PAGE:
Kazuhisa Koakutsu, IGES, highlighted that the IGES CDM capacity building programme aims to increase institutional and operational CDM capacity in Asian countries. He summarized IGES activities that include assistance to designated national authorities (DNAs) and project development. Koakutsu underscored the programme’s outputs, such as: the “CDM/JI in Charts” publication; a technical report; and successful CDM implementation using Japanese government credit transfer mechanisms, such as an upfront payment scheme and the Credit Acquisition Program.

Yuji Mizuno, IGES, questioned whether there is a need to reform CDM international and domestic rules. He noted shortcomings related to CDM implementation, such as that the majority of CERs come from non-carbon dioxide reduction projects, and the non-equitable regional distribution. Mizuno underscored that CDM projects are not substantially promoting technology transfer, nor alleviating poverty. He said that, before a CDM project is implemented, DOEs need to check the additionality criterion and emission reductions calculation, while DNAs must check the sustainable development contribution.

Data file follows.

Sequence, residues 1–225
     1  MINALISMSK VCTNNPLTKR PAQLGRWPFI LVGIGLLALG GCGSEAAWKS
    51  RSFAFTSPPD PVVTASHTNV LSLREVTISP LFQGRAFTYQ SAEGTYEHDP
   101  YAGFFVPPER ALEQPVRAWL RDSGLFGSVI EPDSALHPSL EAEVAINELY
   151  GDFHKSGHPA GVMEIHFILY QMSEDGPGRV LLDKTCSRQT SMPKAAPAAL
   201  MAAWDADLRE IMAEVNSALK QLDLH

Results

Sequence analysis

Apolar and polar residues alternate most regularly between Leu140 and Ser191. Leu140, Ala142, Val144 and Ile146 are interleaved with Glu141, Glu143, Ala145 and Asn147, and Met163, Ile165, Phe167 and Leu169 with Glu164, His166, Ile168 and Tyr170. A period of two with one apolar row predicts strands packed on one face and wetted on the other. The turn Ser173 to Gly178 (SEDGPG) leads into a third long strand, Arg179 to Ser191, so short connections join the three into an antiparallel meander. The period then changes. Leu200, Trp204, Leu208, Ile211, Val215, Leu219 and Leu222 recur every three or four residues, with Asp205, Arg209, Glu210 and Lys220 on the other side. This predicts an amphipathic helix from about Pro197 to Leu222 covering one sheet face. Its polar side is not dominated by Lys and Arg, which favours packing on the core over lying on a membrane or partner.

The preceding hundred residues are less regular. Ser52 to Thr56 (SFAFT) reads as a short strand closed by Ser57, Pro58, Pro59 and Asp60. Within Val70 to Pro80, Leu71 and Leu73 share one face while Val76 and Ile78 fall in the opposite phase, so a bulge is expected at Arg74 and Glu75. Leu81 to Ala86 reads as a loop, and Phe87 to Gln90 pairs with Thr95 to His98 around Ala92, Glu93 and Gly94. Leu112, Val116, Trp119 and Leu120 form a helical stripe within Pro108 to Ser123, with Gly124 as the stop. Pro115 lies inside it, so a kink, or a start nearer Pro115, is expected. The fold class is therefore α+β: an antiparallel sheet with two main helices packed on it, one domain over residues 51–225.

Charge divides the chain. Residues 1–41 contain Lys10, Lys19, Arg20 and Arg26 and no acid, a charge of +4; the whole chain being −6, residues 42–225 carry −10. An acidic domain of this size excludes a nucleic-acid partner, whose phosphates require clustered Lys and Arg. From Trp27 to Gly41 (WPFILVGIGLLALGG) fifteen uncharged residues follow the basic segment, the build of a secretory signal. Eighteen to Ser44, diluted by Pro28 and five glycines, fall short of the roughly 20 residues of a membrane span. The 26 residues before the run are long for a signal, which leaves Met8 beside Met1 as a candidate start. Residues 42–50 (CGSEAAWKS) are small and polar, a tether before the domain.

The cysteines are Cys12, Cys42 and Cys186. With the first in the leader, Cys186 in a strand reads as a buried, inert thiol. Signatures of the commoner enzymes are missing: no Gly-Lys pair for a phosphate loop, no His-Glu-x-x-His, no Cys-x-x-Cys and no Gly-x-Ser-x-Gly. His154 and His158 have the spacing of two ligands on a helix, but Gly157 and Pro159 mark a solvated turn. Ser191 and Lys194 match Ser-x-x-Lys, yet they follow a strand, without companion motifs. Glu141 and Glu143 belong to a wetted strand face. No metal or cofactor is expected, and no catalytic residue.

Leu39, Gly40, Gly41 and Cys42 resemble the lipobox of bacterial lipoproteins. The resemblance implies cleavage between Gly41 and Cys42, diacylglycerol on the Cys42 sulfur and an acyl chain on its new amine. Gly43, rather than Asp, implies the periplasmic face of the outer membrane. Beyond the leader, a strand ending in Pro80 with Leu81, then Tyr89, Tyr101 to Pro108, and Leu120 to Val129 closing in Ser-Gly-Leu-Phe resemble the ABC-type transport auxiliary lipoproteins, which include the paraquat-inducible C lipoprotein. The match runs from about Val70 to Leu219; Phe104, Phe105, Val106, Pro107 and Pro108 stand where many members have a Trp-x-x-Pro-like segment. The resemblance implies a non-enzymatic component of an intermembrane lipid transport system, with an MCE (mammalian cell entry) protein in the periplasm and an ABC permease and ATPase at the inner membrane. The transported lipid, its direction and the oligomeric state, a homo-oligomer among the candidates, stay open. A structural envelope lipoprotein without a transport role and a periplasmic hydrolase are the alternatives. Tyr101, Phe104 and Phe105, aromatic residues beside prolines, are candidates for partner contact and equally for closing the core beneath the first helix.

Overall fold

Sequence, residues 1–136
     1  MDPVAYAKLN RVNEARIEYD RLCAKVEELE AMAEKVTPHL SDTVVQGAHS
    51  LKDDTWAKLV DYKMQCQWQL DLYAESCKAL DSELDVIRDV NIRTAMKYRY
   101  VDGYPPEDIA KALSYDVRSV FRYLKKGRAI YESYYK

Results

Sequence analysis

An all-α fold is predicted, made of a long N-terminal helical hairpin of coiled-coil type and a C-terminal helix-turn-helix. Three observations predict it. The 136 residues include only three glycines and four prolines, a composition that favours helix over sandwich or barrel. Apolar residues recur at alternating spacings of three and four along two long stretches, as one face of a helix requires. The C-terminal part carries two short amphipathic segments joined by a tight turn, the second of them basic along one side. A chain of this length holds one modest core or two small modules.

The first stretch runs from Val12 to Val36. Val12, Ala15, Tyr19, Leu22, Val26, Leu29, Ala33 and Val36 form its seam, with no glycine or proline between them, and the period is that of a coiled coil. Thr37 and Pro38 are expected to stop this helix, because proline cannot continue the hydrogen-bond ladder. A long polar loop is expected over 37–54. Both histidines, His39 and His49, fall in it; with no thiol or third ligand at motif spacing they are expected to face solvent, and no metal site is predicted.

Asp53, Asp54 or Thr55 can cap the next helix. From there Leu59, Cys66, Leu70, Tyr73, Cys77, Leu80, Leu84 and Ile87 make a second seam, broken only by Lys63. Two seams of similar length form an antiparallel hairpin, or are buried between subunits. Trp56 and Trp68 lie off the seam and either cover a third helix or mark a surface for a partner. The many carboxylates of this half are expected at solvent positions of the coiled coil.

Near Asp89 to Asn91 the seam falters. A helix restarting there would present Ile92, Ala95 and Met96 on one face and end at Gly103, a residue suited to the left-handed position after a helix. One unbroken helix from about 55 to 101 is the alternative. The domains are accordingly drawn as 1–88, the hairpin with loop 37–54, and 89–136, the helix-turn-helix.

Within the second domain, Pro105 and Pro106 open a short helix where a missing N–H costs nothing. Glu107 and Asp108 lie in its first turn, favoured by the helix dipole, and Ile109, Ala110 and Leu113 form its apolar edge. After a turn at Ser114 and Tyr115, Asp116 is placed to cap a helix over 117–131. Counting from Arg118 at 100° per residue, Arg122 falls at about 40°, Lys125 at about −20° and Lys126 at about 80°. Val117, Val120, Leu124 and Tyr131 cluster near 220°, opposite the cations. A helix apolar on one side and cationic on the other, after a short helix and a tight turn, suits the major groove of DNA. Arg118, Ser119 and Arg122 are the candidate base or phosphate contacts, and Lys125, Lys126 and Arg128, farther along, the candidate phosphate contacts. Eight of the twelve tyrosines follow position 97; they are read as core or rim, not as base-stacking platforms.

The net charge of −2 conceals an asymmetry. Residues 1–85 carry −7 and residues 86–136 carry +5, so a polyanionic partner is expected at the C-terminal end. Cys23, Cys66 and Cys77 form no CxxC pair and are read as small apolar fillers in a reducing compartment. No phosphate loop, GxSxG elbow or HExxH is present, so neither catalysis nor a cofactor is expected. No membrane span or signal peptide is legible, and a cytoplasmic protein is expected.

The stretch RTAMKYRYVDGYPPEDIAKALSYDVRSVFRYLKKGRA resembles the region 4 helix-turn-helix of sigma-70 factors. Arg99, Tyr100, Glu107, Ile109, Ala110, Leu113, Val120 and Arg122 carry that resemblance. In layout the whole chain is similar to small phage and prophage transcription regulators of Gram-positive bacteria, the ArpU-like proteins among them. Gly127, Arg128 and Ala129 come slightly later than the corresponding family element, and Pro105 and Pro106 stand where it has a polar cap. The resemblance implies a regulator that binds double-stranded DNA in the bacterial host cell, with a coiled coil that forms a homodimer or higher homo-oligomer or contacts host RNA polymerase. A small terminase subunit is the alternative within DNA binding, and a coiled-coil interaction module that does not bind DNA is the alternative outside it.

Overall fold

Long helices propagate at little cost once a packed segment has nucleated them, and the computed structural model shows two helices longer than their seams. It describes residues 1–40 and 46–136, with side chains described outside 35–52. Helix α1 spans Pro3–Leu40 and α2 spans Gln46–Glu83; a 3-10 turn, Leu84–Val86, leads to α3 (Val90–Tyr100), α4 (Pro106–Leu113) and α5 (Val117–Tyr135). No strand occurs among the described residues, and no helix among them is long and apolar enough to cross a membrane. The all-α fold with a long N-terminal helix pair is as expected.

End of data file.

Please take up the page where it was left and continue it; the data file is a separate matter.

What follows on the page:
Joyceline Goco, Department of Environment and Natural Resources, Philippines, noted the importance of: capacity building efforts before establishing DNAs; the approval procedure for CDM; and stakeholder consultations. She noted barriers in the approval procedure, including: delays in processing applications; incomplete submissions; limited number of local CDM advisors; and lack of local DOEs.

Natarika Vayuparb Cooper, Office of the Natural Resources and Environmental Policy and Planning, Thailand, noted the Thai government’s decision to revise the sustainable development criteria for CDM projects. She outlined the results of the review and outlined the elements of the criteria, which currently include environmental, natural resources, social, economic and technological improvements. She noted barriers faced in the CDM approval procedure, including: a lengthy process that requires the Cabinet’s approval; diverse levels of public awareness regarding CDM; and the limited capacity of government staff to deal with CDM-related issues.